Wildlife, livestock and nature—just a day in the life of college student!

FARMS Leadership| San Joaquin| February 6, 2020

Location of Field Day:
UC Davis, including California Raptor Center, Goat Barn, Dairy Goat Parlor & Creamery, Dining Commons, and Arboretum

Field Day Hosts:
CA Raptor Center and UC Davis
UC Davis Animal Science Department
UC Davis Arboretum & Public Garden

Theme of the Day:
Exploring unique classrooms at UC Davis while learning about animal science.

We started our day at the CA Raptor Center at UC Davis. Here, students learned some cool facts about raptors and about the connections between raptors and agriculture. They got to tour the center and meet the resident birds. Next we walked next door to the Goat Barn and the new Dairy Goat Parlor and Creamery. Here, students got to meet dairy and meat goats, and got to tour the brand new milking parlor and creamery. Our Animal Science student and staff hosts helped everyone understand how the milking process works, how goat cheese is made, and highlighted opportunities for internships and coursework in Animal Sciences at UC Davis.

Our next stop was lunch. When on a college campus, we like to take students to eat at the dining commons so they can experience this important aspect of student life and envision themselves as a college student. We ate at Tercero Dining Commons, where students and teachers alike enjoyed the many choices, including UC Davis Student Farm grown veggies!

Our final stop of the day was a visit to the UC Davis Arboretum. Here, we enjoyed some more of the beautiful scenery that UC Davis offers, learned that ducks should NOT eat bread, and learned about the many opportunities for UCD students to participate in internships with the Arboretum and Public Gardens. These internships exist in many topics that intersect with campus life and the outdoors, including health science, landscape design, habitat restoration, food access and wildlife conservation.

Agriculture the Bulldog Way

FARMS Leadership | Central Valley North | Wednesday, February 5, 2020

Location of Field Day:
California State University, Fresno
5241 N Maple Ave, Fresno, CA 93740

Field Day Host(s) and Mentors:
Dr. Susan Pheasant – Director of Institute for Food and Agriculture at Jordan College of Agriculture Sciences and Technology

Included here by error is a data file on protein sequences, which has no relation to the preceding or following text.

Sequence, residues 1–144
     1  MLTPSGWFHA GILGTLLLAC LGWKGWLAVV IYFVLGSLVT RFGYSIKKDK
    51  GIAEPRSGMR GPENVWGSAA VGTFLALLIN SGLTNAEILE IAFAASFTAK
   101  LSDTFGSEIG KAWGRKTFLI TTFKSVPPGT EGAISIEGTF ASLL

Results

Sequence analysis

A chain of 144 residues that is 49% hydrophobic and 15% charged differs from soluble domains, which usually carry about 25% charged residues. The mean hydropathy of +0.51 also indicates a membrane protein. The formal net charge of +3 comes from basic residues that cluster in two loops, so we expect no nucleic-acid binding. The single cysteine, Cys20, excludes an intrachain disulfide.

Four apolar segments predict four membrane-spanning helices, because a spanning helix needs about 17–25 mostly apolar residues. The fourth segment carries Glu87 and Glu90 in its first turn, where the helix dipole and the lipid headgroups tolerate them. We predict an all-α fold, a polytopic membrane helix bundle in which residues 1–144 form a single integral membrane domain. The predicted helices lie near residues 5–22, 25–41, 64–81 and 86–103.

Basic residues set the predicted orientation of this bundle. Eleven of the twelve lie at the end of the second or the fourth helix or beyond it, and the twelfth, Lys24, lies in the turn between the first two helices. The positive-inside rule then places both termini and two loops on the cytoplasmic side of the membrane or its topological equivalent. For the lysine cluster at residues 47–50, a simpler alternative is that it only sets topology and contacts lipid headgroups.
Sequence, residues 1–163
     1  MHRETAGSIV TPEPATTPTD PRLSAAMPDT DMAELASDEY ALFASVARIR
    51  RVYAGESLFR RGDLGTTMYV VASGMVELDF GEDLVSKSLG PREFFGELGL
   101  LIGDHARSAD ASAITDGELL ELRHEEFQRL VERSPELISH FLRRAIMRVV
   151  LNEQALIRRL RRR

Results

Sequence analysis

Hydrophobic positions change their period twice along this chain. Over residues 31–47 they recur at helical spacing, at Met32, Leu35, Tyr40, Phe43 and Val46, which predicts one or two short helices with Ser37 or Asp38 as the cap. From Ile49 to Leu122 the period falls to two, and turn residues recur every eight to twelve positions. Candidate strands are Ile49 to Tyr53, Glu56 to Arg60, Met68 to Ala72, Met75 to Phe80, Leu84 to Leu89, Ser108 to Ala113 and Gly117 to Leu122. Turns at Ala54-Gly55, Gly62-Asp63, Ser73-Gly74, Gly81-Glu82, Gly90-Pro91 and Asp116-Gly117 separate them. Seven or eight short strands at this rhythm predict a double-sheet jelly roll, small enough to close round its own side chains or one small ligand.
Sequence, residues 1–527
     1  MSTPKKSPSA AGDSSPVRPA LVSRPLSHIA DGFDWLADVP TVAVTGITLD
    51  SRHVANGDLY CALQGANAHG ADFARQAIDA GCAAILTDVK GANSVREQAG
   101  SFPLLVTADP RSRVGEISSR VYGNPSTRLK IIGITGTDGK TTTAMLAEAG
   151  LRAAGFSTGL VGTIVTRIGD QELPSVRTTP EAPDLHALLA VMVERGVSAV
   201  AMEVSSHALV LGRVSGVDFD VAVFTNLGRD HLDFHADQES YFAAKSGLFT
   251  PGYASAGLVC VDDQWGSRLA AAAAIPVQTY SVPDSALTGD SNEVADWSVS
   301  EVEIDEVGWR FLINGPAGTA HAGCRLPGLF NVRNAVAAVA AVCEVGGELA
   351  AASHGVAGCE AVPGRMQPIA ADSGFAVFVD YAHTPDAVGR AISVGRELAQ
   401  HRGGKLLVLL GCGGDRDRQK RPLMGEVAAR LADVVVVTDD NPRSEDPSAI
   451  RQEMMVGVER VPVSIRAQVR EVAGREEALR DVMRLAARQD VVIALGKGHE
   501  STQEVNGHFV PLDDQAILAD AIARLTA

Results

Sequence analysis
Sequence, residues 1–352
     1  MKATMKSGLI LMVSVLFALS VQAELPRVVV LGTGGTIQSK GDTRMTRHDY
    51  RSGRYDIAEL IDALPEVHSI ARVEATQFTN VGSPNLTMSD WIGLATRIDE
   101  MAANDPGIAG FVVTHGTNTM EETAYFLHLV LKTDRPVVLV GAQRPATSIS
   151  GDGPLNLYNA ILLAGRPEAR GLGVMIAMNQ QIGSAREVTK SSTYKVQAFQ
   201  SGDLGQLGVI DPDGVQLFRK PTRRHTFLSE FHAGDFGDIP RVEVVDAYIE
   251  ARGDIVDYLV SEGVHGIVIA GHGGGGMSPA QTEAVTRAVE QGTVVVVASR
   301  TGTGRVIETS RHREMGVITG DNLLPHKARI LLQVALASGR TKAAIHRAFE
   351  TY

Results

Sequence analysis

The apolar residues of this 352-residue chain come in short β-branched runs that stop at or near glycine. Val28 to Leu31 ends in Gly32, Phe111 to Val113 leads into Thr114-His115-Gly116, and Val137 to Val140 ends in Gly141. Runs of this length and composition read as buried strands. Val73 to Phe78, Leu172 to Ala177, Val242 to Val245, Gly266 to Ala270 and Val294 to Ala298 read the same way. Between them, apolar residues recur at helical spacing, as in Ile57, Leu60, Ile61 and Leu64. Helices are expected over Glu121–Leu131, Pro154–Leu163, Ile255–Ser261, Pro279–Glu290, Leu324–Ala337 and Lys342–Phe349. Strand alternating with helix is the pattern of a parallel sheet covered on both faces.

Michelle Perez, Recruitment Counselor & Social Media Coordinator Liaison to Jordan College of Agricultural Sciences and Technology
Rick Chacon, Assistant Director of Admissions & Recruitment
Dr. Sherri Freeman, Teacher Educator Jordan College of Agriculture Sciences and Technology
Kate Norum, Project Manager Center for Irrigation Technology Water, Energy and Technology Center

Theme: Agriculture in College

On Wednesday, February 5, 2019, the Central Valley North Field Day group that consisted of LeGrand High School, Firebaugh High School, and Madera South High School gathered at Fresno State Institute for Food and Agriculture meeting room.
Here we were welcomed by Dr. Susan Pheasant, Director, Institute for Food and Agriculture at Jordan College of Agricultural Sciences and Technology.
Students worked on their soft skills by introducing and thanking our speakers. Students also practiced writing thank you and learned how to address an envelope.
Next, we were joined by Michelle Perez, Recruitment Counselor & Social Media Coordinator Liaison to Jordan College of Agricultural Sciences and Technology for a walking tour of the Farm. Next, Rick Chacon, Assistant Director of Admissions & Recruitment lead a True Colors leadership activity on Leadership qualities. At lunch, Dr. Freeman visited us and welcomed us to Fresno State. Then we visited Fresno State Water and Energy Technology (WET) Center. Here students learned about their independent testing facility. We also learned about the Center for Irrigation Technology (CIT), the independent testing laboratory and applied research facility for the irrigation industry. Finally, students were treated with Fresno State Ice Cream from the Gibson Farm Market. We had a wonderful day full of different experiences and opportunities at Fresno State. Go Dogs!